• Kimberley A. Neeson, RPR, CRR, CRC, is a freelancer and firm owner from Toronto, Canada, with more than 35 years of experience. In various leadership positions for the Chartered Shorthand Reporters’ Association (CSRA) of Ontario, including three terms as president, she has championed realtime and other stenographic technologies while campaigning against the implementation of digital audio recording in Ontario courts. In addition to appearing before various committees and media outlets, she has also published articles for the JCR and numerous other local and national publications. She was awarded Life Membership in CSRA in 2009, “in recognition of her outstanding activism and significant contributions to the profession.”
  • Alan Peacock, RDR, CRR, CRC, is a broadcast and CART captioner from Mobile, Ala., with nearly 30 years of experience. He has been generous with his time, serving the Alabama Court Reporters Association (ACRA) as a board member and officer, NCRA as a member of several captioning-related committees, and the deaf and hard-of-hearing communities as an advocate and educator for the profession. He also holds an associate degree in interpreting and is a member of the Registry of Interpreters for the Deaf. Supporters of his nomination called him inspirational, yet approachable. He was awarded ACRA’s Distinguished Service Award in 2011.
  • Jennifer L. Schuck, RDR, CRR, CRC, is a CART captioner from Scottsdale, Ariz., with 23 years of experience. In addition to serving on numerous CART captioning-related committees for NCRA and the Arizona Court Reporters Association (ACRA), she also serves on the advisory board of Gateway Community College’s court reporting program. She frequently makes presentations for NCRA, ACRA, and Intersteno, and she regularly provides pro bono CART services to a range of organizations, including NCRA and her local chapter of the Hearing Loss Association of America. She is a frequent competitor in speed and realtime contests and has placed in the top three internationally several times over the past decade.
  • Kathryn R. Sweeney, RMR, CRR, is a freelancer from Acton, Mass., with more than 27 years of experience. She served on the Massachusetts Court Reporters Association (MCRA) board for eight years, including two years as president, and she served for an impressive 17 years as a Chief Examiner for NCRA testing before brick-and-mortar testing ended in 2015, at which point she served as a beta tester for the new online testing platform. She has presented very popular CRR Boot Camp sessions aimed at preparing reporters for realtime certification for NCRA, MCRA, and other state court reporting associations. Nominators described her as upbeat, with a can-do attitude and a hands-on approach to leadership.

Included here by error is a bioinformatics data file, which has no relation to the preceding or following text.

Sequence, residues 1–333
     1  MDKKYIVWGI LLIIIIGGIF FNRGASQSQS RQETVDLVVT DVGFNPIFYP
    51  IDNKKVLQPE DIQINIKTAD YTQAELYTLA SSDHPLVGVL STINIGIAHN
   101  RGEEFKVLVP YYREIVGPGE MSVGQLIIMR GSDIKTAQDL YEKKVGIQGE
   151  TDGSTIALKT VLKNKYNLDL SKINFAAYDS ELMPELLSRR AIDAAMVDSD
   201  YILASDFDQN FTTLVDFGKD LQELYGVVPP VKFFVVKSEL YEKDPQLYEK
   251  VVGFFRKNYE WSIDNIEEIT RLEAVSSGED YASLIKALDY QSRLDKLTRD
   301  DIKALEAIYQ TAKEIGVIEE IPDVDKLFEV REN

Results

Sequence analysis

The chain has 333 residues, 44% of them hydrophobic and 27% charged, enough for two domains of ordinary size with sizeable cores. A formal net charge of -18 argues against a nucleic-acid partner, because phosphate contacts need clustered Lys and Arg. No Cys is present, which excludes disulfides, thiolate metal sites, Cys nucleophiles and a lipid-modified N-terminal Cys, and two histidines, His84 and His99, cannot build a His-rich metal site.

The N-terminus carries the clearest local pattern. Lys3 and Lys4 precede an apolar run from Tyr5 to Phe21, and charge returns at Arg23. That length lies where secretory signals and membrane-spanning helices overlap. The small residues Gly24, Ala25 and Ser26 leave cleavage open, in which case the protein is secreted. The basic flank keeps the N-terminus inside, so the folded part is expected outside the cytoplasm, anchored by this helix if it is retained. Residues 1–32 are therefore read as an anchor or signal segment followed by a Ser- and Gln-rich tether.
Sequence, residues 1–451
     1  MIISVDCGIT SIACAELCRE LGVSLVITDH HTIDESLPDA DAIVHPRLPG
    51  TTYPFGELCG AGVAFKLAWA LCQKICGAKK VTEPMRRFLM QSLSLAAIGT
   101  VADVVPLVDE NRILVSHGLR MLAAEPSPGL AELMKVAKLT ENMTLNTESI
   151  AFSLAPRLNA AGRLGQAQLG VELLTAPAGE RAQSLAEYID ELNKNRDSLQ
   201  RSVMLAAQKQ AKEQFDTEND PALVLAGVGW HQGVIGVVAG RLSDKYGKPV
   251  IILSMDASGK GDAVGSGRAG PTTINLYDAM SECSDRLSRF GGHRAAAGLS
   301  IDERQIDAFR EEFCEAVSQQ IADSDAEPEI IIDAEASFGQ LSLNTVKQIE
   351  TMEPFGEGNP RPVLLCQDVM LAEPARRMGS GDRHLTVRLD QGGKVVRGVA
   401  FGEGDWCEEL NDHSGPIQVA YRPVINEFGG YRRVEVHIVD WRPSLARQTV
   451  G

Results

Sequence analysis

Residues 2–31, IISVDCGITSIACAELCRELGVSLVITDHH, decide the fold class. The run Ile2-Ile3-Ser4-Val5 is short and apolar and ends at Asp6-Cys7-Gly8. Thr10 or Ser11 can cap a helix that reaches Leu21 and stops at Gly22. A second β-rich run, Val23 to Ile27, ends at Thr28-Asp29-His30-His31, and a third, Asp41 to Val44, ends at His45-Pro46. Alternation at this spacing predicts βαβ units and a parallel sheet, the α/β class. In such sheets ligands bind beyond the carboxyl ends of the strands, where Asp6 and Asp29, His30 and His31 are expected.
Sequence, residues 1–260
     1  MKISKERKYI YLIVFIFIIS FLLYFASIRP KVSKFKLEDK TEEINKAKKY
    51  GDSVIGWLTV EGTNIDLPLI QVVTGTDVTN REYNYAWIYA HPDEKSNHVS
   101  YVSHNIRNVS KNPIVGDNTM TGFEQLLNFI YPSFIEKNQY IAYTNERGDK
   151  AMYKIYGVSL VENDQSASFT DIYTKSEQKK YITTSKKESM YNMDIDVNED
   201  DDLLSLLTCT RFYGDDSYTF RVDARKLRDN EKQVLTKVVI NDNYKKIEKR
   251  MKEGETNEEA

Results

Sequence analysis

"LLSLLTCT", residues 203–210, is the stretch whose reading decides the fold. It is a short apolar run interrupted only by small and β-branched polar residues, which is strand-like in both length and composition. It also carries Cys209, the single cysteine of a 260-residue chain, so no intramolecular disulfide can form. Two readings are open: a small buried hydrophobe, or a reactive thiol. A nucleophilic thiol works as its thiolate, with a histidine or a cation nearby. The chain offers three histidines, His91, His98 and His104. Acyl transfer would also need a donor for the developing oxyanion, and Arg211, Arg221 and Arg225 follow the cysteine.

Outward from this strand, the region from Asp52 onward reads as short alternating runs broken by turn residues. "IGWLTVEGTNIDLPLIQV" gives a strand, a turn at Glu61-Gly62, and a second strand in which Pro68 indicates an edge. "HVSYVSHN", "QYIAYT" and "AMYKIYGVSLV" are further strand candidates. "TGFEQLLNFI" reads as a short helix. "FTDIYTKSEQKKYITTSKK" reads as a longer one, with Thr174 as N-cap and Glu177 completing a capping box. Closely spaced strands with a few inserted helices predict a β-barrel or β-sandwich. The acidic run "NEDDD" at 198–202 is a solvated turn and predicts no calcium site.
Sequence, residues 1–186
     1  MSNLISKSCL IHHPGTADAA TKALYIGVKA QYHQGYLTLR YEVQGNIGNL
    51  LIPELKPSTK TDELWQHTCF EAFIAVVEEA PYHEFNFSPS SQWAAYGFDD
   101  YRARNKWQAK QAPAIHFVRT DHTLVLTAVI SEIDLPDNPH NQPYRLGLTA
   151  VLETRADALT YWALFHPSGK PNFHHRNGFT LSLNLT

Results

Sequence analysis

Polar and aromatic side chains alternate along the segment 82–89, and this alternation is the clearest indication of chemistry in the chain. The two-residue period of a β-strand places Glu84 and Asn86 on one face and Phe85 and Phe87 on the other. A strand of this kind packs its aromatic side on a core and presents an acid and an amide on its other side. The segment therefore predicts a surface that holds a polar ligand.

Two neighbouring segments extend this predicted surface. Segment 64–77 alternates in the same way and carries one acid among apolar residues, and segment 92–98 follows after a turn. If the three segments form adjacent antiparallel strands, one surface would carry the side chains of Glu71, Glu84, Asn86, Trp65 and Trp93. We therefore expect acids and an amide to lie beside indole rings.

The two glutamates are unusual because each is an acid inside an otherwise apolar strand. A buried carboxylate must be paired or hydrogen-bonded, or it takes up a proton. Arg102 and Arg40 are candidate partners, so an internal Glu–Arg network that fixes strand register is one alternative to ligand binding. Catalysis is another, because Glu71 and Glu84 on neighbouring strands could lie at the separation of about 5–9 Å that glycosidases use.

IN MEMORIAM: NCRA mourns the loss of three members

NCRA mourns the loss of three members: Carole Bartkowicz, RPR, CMRS, a freelance court reporter from Elmwood Park, Ill.; Kelly Ann Powers, RMR, an official court reporter from Kaukauna, Wis.; and  Stuart Simen, RPR (Ret.), Los Angeles, Calif.

Technology advances restore entertainment experience

NCRA member Kathy Cortopassi, RMR, CRR, CRR, a broadcast captioner from Crown Point, Ind., was recently featured in a July 21 article by the Chicago Post-Tribune. In addition to talking about her career, Cortopassi explained how she uses captioning to assist audience members of a local theater who are deaf and hard of hearing.

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Tennessee court reporting firm leverages technology with realtime reporting capability

The Tennessee-based court reporting firm, Elite Reporting Services, announced in a press release issued on July 19 that it now offers realtime reporting to make depositions easier for clients, court reporters, and the courts.

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California court reporter recognized for certification

The East Bay Times posted a story on July 19 about NCRA member Monyeen L. Black, San Ramon, Calif., who recently earned the Registered Professional Reporter certification. The story was generated by a press release issued on behalf of Black by NCRA.

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Pittsburgh court reporter Constance Lee announces debt-free business initiative

Constance Lee, RPR, of Constance Lee & Company, a court reporting firm based in Pittsburgh, Pa., recently shared insights into running a debt-free business in a press release issued July 15. According to Lee, the first stage to running a debt-free business is understanding why you’d want to run a business without debt.

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Las Vegas court reporting firm announces promotion

Depo International, a court reporting firm with a presence in Las Vegas, Nev., Minneapolis, Minn., and Chicago, Ill., announced in a press release issued July 15 that former office manager/videographer Irina VanDePol has been promoted to executive director of the Las Vegas branch. VanDePol has been affiliated with the company for five years.

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Sacramento court reporter Accuracy-Plus focuses on Web conferencing to provide better client benefits

In a press release issued July 15, Accuracy-Plus, Sacramento, Calif., owner Lori LeRoy notes that she has seen an increase in business requests for Web conferencing to better assist clients with connecting multiple parties to a case. According to the press release, the best way to capitalize on this rising request is to apply best practices to the Web conference, select the right Web conferencing software, and choose the right audio equipment and structure an efficient meeting.